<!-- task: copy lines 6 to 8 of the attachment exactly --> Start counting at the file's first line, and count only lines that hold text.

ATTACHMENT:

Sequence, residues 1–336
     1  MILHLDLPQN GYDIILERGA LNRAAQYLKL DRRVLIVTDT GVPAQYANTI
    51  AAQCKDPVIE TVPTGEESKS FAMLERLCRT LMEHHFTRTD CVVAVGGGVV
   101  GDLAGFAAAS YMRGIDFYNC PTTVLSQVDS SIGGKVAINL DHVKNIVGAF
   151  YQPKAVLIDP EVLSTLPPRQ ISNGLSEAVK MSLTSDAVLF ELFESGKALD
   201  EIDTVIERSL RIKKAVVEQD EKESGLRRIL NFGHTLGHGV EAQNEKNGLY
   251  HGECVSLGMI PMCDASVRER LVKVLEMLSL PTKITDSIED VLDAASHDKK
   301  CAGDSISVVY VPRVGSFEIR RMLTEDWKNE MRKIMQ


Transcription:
   201  EIDTVIERSL RIKKAVVEQD EKESGLRRIL NFGHTLGHGV EAQNEKNGLY
   251  HGECVSLGMI PMCDASVRER LVKVLEMLSL PTKITDSIED VLDAASHDKK
   301  CAGDSISVVY VPRVGSFEIR RMLTEDWKNE MRKIMQ